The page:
I asked this question for a number of reasons. The main one was to ensure that the CPS was aware of the consultation and to make representations on behalf of the members. I also wanted to discuss the issue, and gather other people's views.
As professional ecologist working in nature conservation, I am strongly entrenched in the "preserve the peat" faction. If you open the link to the peat consultation there are some very interesting background documents from DEFRA which outline the overwhelming arguments for not continuing to harvest peat. The most basic argument, as carnivorous plant growers, is that we should not be destroying the habitat that the plants we love grow in!
The writing has been on the wall with respect to peat for a long time. I wrote my "peat free" article for the CPS in 2004 & indicated that peat would be very difficult to obtain in the future, a statement which was questioned by a few people but look where we are now! I have not bought peat for about 17 years now, so it can be done. It is not always easy, and it is not always cheap or convenient. I very much feel for other growers who do not have easy access to alternatives. I acknowledge that a small amount of carnivorous plant growers using a small amount of peat will have an insignificant effect on peat bogs around the world, but maintaining peat harvesting on a small-scale just for carnivorous plants, ericaceous plants and some orchid growers is very unlikely to happen.
So what do I think the CPS should be responding with? Probably something like:
- we strongly support the proposals to phase out the use of peat
- would point out the specialist requirements of carnivorous plants as a group in requiring acid, low nutrient composts
- would point out that some members of the CPS have been carrying out research into alternatives, although on a small-scale, but would share information we have on alternatives such as moorland gold, Coco peat and Sphagnum derivatives & hydroponics
- acknowledge that currently peat is the only viable option for many growers, both financially and logistically
- would like to see collaborative, funded research into peat-free alternatives for minority plant groups
- would like to see a levy on peat used to subsidise research into alternatives
- would like to see a levy on peat used to subsidise peat alternatives to make them `significantly cheaper than peat products
What do others think?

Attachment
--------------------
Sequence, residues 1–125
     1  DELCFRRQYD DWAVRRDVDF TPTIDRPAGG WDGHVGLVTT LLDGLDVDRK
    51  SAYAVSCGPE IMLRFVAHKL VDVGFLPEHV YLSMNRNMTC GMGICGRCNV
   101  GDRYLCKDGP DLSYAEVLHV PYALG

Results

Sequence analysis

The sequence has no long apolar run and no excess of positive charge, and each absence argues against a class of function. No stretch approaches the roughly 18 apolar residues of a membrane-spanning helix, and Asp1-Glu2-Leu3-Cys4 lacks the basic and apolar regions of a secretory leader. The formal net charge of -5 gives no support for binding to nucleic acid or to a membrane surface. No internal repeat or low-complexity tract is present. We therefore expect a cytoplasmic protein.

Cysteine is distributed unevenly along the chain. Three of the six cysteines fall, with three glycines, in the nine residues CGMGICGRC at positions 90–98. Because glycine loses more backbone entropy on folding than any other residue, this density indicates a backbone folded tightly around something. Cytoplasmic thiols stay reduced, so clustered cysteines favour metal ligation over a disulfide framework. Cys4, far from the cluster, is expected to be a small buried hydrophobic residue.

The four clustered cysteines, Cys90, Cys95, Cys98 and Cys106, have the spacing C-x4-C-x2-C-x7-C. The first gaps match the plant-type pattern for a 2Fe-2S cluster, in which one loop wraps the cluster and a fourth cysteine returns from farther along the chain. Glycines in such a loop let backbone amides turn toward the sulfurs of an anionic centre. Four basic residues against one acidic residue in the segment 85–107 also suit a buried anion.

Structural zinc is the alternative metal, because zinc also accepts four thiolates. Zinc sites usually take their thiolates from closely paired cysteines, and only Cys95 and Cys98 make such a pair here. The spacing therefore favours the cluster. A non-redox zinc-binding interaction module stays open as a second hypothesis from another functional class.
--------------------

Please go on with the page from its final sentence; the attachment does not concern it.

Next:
Been off the Forum for a while getting ear bleeds from all the EEE work and working on the Defra peat consultation. Oh, and also trying to lead a normal life which seems to be escaping me.
The CPS will be responding positively to the Defra consultation, in the same vein as Stephen suggests. I haven't been peat free for as long, 4 years against 17, but the only problem I've encountered is a couple of Alata and Darlingtonia. I can't put that down to coir as other factors may have come into play. I've been re-potting quite a few plants I grow in coir and perlite and the roots look very healthy in my Sarracenia.
As mentioned in my recent Journal article a mix of organic coir and Moorland Gold would be a good start as an alternative, perhaps with some perlite - it makes a nice mix.
To preserve threaten cps in cultivation we will be asking for an exception, though this would need to be linked to a formalised registration process to get one.
Hydroponics will have a place, but only if a large scale easily adopted and cheap to run system can be developed (also must not reduce plant growing space, as we do like to pack our plants in). I've set up a large system this year (flood and flow system), with the smaller version on show at the EEE. The growing medium is expanded clay and sustainably sourced sphagnum moss. Early days, but my Darlingtonia and Disa are ahead of the rest of my plants already.
The CPS will develop an action plan, or road map as Defra put it, towards becoming peat-free in the time frames outlined in due course.
The CPS response will be published on the website shortly, and when it is I'll announce it on the Forums.
The implications of the consultation will be worrying for a good number of growers, but it's very important we do not bury our heads, take a positive attitude and for everyone to start trying alternatives on a few spare plants.